This is from an idea I hit on with Bish training: whenever we read some especially bad response in an advice column, we’ll write our own reply. That’s all. No moaning about the official answer or attacking the editorial standards of the original publication, just a replacement answer offered in the hope that we can be a bit smarter and more sympathetic…
I’m 23 and have had a pretty bad run with men for most of my life. I’ve never been in a serious relationship. After wild times last year (starting university, drinking, one-night stands), I began seeing a friend of a friend casually. Then we started spending quality time together – eating out, cinema, etc. I asked whether we were a couple and he told me he couldn’t take the relationship any further. I feel so inexperienced and I can’t put aside the fear that he didn’t want to be with me because there’s something wrong with me. It’s the darkest of times at the moment, and any help would be greatly appreciated.
I don’t know whether this will read as reassuring or terrifying, but no one is as experienced with relationships as they’d like to be. However much you’ve lived through (and I’d say that the wild year of uni and period of dating you describe are nowhere near enough to count as a “bad run”, so you can go a bit easier on the self-criticism), love and sex have a brilliant way of slamming you with some unexpected dilemma or disaster.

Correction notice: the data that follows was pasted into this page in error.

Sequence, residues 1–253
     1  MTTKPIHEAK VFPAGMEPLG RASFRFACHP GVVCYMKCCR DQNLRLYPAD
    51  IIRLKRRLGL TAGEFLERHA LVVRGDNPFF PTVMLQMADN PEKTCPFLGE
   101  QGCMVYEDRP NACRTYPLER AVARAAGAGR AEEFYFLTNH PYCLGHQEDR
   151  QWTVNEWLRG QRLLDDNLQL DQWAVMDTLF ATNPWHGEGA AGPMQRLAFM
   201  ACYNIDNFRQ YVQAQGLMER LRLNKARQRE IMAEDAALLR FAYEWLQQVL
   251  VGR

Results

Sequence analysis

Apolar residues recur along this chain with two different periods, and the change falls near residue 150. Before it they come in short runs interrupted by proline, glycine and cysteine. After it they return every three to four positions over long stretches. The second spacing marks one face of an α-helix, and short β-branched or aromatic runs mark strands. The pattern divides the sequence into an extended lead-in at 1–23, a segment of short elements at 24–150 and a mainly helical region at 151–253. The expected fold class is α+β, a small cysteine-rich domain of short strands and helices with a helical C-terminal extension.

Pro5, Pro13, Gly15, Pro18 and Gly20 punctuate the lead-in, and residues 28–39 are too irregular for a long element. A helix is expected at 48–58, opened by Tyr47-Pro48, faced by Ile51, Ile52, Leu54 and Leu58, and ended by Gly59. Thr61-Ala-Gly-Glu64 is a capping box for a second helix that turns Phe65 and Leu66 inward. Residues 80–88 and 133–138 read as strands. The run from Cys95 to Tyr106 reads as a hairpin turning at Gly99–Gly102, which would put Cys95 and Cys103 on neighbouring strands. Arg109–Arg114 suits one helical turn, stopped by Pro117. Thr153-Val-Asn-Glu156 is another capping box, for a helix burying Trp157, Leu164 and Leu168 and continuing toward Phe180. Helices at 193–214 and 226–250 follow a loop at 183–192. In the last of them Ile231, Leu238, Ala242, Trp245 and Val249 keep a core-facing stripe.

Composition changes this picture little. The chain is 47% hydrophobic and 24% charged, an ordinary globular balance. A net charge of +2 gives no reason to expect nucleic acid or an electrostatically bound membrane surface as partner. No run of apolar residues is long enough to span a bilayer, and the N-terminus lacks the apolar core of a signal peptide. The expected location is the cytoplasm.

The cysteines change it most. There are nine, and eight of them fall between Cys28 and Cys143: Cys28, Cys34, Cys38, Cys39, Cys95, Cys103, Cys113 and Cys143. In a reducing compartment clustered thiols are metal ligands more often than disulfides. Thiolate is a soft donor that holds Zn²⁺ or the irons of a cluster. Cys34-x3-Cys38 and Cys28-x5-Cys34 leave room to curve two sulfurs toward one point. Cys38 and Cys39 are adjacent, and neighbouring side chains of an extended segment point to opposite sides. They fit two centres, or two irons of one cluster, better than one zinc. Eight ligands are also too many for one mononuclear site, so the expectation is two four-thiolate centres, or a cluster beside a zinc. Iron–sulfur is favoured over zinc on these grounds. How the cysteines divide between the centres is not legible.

Things didn’t work out with this guy, and that’s absolutely fine. A long-term relationship demands a lot of pieces all coming together at more-or-less the same time: mutual attraction, shared aims and ambitions, joint ethics and beliefs. For whatever reason, your ex didn’t see things going the same way as you did. That doesn’t mean there’s anything wrong with you, just that you weren’t right for each other. And from your letter, it doesn’t sound as though you’re all that cut up about losing him: I think you might be grieving the end of the relationship more than you’re mourning the absence of this man.
You say you’ve never been in a serious relationship, but many of the best relationships start out as downright frivolous – friendships in which attraction takes hold and blooms, and where the desire to be with the other person gradually develops from a weekly date to a daily habit to, maybe, something you both want all the time for the entire foreseeable future. Not every relationship will turn out like that, of course – but that doesn’t make you a failure, it just means that you’re smart enough to figure out what does and doesn’t work.
For now, concentrate on meeting people, doing interesting things, having fun (though not one night stands, as they don’t seem to work for you), and, most importantly, working out what it is that you want from life besides that elusive serious relationship. Because once you’ve got some idea of where you want to go, you may find that the people you take with you fall into place quite painlessly. Good luck.